Ostroumova-Lebedeva, Anna Petrovna

The following article is from The Great Soviet Encyclopedia (1979). It might be outdated or ideologically biased.

Ostroumova-Lebedeva, Anna Petrovna


Born May 5 (17), 1871, in St. Petersburg; died May 5, 1955, in Leningrad. Soviet engraver and watercolorist. People’s Artist of the RSFSR (1946). Member of the Academy of Arts of the USSR (1949).

From 1892 to 1900, Ostroumova-Lebedeva studied under V. V. Mate and I. E. Repin at the St. Petersburg Academy of Arts. In 1898 and 1899 she worked in the studio of James Whistler in Paris. She joined the World of Art group in 1899 and the Four Arts group in 1924. Known principally as a master of landscapes, she initiated the revival of original Russian wood engravings, colored as well as black-and-white. She is also known for her lithographs and watercolors.

Ostroumova-Lebedeva’s chief works, views of St. Petersburg and later of Leningrad and its surroundings, bring out the fusion of architecture with the natural environment. Their composition is clear, their coloring rich and natural, and their imagery poetic and unified. Examples are the series of wood engravings St. Petersburg (1908–10) and Pavlovsk (1922–23), the album of lithographs St. Petersburg (1922), and the watercolors The Field of Mars (1922, Tret’iakov Gallery) and The Engineers’ Castle Covered with Hoarfrost (1929, Russian Museum, Leningrad). Ostroumova-Lebedeva was awarded the Order of the Red Banner of Labor.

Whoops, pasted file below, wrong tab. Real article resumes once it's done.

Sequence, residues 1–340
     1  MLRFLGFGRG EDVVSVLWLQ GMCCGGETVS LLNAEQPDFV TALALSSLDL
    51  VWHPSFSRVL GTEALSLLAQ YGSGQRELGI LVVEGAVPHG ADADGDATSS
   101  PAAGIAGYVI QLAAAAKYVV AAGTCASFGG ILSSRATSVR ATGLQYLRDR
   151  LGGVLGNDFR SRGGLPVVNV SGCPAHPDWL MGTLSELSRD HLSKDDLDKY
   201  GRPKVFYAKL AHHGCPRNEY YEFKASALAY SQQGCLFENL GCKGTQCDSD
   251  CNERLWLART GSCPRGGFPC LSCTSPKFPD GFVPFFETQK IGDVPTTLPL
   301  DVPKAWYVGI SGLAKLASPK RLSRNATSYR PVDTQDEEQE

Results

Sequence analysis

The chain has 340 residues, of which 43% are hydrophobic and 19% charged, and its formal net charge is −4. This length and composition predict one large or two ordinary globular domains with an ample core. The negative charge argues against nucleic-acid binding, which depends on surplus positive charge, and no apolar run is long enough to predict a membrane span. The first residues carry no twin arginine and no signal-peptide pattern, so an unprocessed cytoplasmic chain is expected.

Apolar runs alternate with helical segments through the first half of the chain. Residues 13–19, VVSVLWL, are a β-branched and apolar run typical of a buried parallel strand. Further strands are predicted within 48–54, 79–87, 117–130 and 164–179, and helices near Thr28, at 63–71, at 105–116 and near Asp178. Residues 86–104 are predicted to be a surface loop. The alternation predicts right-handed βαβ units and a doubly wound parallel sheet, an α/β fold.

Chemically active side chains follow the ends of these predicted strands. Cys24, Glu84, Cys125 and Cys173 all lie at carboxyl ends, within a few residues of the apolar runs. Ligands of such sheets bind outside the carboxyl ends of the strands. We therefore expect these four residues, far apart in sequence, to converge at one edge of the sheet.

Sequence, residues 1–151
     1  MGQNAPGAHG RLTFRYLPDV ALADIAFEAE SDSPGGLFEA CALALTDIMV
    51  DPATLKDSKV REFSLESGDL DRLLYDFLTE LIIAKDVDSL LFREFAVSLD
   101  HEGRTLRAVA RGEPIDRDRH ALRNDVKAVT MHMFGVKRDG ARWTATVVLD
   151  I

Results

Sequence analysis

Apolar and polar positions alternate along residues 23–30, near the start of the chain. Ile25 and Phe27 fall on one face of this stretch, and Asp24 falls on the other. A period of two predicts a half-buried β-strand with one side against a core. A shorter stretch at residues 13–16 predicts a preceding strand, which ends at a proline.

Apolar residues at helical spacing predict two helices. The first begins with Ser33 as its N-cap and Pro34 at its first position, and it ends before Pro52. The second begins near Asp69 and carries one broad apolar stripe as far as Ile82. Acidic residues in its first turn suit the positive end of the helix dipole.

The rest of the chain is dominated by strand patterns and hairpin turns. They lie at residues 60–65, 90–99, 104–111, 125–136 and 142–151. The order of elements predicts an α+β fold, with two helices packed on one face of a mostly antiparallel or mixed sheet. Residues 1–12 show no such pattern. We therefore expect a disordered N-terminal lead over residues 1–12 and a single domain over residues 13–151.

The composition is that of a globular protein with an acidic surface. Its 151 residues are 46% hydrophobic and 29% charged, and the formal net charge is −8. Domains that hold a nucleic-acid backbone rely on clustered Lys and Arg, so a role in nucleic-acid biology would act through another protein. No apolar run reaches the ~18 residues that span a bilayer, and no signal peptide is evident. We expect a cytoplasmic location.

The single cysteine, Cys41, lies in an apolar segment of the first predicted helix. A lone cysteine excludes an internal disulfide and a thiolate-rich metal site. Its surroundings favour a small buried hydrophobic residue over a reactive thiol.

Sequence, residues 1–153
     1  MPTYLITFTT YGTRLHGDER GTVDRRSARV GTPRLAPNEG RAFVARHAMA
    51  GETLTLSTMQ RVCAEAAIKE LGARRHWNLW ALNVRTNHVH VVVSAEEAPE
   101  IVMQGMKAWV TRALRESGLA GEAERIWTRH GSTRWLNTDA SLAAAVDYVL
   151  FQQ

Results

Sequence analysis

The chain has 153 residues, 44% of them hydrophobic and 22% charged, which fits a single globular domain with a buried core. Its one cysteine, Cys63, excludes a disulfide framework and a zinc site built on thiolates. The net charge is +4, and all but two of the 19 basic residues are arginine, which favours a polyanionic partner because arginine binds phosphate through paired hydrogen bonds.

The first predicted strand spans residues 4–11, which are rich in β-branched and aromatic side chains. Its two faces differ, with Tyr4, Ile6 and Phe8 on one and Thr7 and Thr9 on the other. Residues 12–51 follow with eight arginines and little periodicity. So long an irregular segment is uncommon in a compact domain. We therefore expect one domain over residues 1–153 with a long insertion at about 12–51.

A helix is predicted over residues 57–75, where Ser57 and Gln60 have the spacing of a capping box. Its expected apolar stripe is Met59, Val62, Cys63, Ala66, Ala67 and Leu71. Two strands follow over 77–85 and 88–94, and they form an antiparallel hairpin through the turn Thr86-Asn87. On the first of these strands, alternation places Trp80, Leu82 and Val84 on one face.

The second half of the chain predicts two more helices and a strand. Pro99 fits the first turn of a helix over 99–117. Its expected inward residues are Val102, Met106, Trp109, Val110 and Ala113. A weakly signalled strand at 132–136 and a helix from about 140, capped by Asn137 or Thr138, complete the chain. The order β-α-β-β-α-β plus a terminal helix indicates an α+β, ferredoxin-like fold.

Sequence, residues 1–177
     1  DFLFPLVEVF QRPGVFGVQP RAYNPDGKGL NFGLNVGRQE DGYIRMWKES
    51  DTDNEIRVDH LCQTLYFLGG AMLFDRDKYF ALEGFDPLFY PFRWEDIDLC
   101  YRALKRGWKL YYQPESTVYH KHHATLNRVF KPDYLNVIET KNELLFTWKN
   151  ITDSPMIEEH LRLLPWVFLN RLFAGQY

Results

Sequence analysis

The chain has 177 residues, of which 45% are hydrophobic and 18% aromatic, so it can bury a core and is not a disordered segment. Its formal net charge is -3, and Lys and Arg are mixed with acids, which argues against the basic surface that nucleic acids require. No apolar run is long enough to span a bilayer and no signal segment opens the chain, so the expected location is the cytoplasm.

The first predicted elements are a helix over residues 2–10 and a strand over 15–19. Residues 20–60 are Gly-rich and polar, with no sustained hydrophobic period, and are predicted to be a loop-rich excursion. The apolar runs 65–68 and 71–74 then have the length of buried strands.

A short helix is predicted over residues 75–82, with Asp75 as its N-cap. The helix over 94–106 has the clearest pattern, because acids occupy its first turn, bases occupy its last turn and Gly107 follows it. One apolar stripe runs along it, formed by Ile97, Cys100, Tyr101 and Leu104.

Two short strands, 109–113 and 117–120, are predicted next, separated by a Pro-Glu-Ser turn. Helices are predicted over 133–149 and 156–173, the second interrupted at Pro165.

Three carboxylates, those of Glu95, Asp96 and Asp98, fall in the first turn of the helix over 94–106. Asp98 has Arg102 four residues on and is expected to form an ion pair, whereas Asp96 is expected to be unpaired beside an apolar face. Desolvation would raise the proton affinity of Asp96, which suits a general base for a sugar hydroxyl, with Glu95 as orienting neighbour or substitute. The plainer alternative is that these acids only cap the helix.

Avtobiograficheskie zapiski, vols. 1–3. Leningrad-Moscow, 1935–51.


Suslov, V. A. P. Ostroumova-Lebedeva. [Leningrad, 1967.]
The Great Soviet Encyclopedia, 3rd Edition (1970-1979). © 2010 The Gale Group, Inc. All rights reserved.